Quantcast

2013 Dividend and Capital Gain Rates Favor Retirees

Leave it to Congress to make things more complex than necessary. The only thing simple is that the same tax rate applies to capital gains and dividends as it has in the last several years.

Most people doing a quick read of new tax rates think that rates on dividends and capital gains have increased from 15% to 20%. But that is only part of the story. Here is the full story on how these tax rates work as of January 1, 2013 (summarized in the table below).

Tax Break For Seniors

First, those taxpayers whose taxable income would provide them a tax bracket of 15% or less (for single people, taxable income of $36,250 or less, for married people filing jointly $72,500 or less), the tax rate on capital gains and dividends is zero. This is very good for retirees as typically, they are in the lower income brackets and get a larger percentage of their income from dividends and capital gains. Before selling any asset that would generate a capital gain, retirees should first calculate that the sale will not have them exceed the taxable incomes above. If the sale would do so, it will be better to make the sale in portions (e.g. 200 shares of stock this year, 200 shares next year, and so on) so as to always keep their taxable income below the level that would expose them to a 15% tax on capital gains.

Same 15% Rate for Most Others, BUT....

For everyone else, the tax rate on capital gains and dividends is 15%, except for individuals with adjusted gross income (AGI) above $200,000 and married couples filing a joint return with more than $250,000 AGI. These people will pay up to an additional 3.8% of their net investment income (dividends and capital gains included in this bucket). They may not need to pay the full 3.8% because the amount on which the 3.8% is levied is limited to the excess of AGI over the $200,000 (singles) or $250,000 (married). In other words, they pay the 15% basic tax rate on capital gains and dividends plus a potential add-on of 3.8% for a total of 18.8%.

The Wealthy Pay 20%

And last, for people with taxable income exceeding $400,000 (single) or $450,000 (married), the base tax rate on capital gains and dividends is 20% (instead of 0% or 15% as it is for others). But if you add the extra 3.8% in the above paragraph which will apply to these folks (except for very exceptional circumstances), their capital gains and dividend tax rate in 2013 is 23.8%.

Note the the rate is as convoluted as ever because at some income levels, the rate is based on taxable income. But for people in the $200,000 to $400,000 adjusted gross income group (singles) and $250,000 to $450,000 (married) the rate is mostly based on their tax bracket (i.e. taxable income) but the 3.8% potential levy is a function of adjusted gross income.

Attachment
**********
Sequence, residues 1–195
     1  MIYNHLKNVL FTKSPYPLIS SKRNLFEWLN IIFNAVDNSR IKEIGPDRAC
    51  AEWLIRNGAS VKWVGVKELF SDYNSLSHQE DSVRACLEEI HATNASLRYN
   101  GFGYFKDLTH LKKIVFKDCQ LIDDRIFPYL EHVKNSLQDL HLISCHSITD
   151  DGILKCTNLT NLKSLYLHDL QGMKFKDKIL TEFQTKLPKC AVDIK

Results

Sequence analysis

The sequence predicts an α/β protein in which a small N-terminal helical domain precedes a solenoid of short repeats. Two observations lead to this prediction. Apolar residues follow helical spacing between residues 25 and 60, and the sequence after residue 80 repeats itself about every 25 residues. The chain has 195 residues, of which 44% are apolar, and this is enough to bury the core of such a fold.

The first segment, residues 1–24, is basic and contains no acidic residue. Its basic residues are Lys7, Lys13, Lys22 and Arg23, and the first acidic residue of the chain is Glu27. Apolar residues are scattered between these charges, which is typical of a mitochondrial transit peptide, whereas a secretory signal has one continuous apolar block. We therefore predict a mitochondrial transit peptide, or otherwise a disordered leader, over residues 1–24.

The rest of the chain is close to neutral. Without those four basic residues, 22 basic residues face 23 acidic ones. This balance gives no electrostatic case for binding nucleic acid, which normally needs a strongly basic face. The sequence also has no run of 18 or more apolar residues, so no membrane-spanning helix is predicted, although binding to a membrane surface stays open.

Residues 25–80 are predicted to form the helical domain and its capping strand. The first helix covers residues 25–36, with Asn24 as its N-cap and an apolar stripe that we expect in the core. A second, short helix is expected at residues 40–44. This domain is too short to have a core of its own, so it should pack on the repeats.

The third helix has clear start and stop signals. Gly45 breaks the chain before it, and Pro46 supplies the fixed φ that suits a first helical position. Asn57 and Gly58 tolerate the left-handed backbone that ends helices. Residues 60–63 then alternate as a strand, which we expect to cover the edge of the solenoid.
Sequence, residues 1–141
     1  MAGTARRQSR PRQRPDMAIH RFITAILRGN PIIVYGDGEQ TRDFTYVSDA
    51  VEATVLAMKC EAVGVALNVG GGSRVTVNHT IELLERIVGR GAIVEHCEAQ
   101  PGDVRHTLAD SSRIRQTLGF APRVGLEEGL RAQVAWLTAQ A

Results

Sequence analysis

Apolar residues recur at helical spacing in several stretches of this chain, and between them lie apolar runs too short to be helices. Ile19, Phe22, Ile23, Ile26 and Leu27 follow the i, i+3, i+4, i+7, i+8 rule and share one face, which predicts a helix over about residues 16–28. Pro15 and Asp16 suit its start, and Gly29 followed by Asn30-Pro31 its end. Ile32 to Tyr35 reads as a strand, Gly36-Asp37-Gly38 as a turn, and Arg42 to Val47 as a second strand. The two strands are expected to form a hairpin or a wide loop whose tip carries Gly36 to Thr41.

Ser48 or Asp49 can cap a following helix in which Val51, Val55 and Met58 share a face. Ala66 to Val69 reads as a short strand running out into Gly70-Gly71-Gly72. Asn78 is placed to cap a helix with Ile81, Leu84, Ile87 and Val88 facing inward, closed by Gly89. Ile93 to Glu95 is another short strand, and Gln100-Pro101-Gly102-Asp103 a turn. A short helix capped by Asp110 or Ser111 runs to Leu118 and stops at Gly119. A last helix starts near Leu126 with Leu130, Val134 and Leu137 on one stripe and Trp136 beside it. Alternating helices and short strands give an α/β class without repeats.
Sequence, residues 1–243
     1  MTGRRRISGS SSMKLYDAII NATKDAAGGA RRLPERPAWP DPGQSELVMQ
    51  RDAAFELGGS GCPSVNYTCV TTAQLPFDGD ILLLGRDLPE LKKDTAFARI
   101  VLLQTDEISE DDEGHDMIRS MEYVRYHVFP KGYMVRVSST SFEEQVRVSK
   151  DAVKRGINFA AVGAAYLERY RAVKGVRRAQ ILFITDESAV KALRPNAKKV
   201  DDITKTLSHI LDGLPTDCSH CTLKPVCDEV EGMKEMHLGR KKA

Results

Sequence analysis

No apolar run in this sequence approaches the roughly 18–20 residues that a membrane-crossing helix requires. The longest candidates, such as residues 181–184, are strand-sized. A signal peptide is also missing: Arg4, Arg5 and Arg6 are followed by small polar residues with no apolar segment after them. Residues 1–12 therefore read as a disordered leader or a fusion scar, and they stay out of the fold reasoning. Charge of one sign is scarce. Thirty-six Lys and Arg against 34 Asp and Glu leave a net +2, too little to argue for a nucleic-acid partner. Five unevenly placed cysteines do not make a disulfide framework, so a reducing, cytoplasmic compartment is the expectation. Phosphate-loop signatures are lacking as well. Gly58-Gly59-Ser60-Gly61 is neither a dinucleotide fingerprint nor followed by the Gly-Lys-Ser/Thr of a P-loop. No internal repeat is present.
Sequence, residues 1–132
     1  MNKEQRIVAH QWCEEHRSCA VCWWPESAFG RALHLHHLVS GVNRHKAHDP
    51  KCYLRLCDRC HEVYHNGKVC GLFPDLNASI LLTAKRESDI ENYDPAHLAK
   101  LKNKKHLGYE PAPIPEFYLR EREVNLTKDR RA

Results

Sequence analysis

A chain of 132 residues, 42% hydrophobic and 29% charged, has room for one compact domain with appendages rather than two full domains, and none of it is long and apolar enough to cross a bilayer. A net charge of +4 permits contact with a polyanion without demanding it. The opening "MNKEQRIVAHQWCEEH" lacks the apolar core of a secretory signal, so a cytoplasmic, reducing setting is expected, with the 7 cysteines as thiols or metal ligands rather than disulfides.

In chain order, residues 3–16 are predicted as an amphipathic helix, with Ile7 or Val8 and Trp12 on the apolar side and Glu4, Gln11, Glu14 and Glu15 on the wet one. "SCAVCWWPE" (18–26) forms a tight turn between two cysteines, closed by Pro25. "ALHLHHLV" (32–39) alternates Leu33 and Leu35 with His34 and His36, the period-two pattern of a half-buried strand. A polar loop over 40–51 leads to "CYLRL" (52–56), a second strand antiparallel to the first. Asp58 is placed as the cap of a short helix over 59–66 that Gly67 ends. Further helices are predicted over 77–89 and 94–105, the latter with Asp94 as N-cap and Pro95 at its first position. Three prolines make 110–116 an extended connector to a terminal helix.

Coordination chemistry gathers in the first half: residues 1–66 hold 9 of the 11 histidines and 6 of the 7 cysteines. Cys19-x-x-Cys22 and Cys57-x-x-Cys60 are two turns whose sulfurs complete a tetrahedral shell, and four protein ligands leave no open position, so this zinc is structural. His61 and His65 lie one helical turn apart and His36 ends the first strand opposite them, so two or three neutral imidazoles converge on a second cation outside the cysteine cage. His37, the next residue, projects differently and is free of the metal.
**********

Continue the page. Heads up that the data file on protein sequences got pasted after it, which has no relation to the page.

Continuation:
This all sounds like a very good structure for tax preparers and makers of tax preparation software.
Here is the summary table of tax rates on dividends and capital gains:

 

2013 Table of Tax Rates on Dividends and Capital Gains

Taxable income - single
Taxable income - Married
Potential Surtax on Capital Gains and Dividends
Tax Rate on Capital Gains and Dividends
Up to $36,250 Up to $72,500 0%
From $36,251 to $400,000 From $72,501 to $450,000 3.8% for singles with AGI above $200,000 and
for married couples filing a joint return with more than $250,000 AGI,
limited by the amount AGI exceeds these amounts
15%
Over $400,000 Over $450,000 20%

23 thoughts on “2013 Dividend and Capital Gain Rates Favor Retirees

  1. Pingback: 2013 Tax Changes Impacting Retirees - Social Security, age, moving, relocation, finance, savings, early, hobbies, nursing homes - City-Data Forum
  2. Pingback: Submit Free Press Release - LIVE PR NEWS
  3. Pingback: Retired Persons Rewarded with a Zero Percent Capital Gains Federal Income tax Rate | Arvada Tax Services
  4. Pingback: Retired People Blessed with a 0% Capital Gains Federal Income tax Rate at adamiraq69
  5. khanna says:

    well this is certainly great for middle class

  6. Pingback: Affordable Tax Preparation Services in Chicago Illinois » Retired People Rewarded with a Zero Percent Capital Gains Federal Income tax Rate
  7. Pingback: Senior Citizens Rewarded with a Zero Percent Capital Gains Tax Rate | Finances, Bankruptcy, Taxes & Investing
  8. Hawaii's First Test Tube Baby says:

    Does Washington ever make things easier? This time with a little bit of reading they actually have. Thanks for sharing with us. I'll pass this on to my folks.

  9. Pingback: Retired Persons Rewarded with a Zero Percent Capital Gains Income Tax Rate « My Article Monkey!
  10. Pingback: amazing4articles.co.uk » Retirees Blessed with a Zero Percent Capital Gains Income Tax Rate
  11. Pingback: Get Articles Today | Retired People Blessed with a Zero Percent Capital Gains Income Tax Rate
  12. Good article, but to be honest, I feel sorry for the younger generation

  13. arif247 says:

    thank you for the information and opinions you wish with this opinion could be better understood anymore.!!

  14. Passive Income says:

    This is great information and will be valuable to a lot of my clients. Thanks.

  15. miranda says:

    I have a question. My parents have a mortgage on a rental property (homestead) sister is/was renting. They are looking to sell it. They bring in approximately 26000 a year, as my mother is no longer working. What would the capital gain ramifications be on this property would they qualify for the 0% tax??

  16. bobrichards says:

    depends on the size of the gain

Leave a Comment

Your email address will not be published. Required fields are marked *

F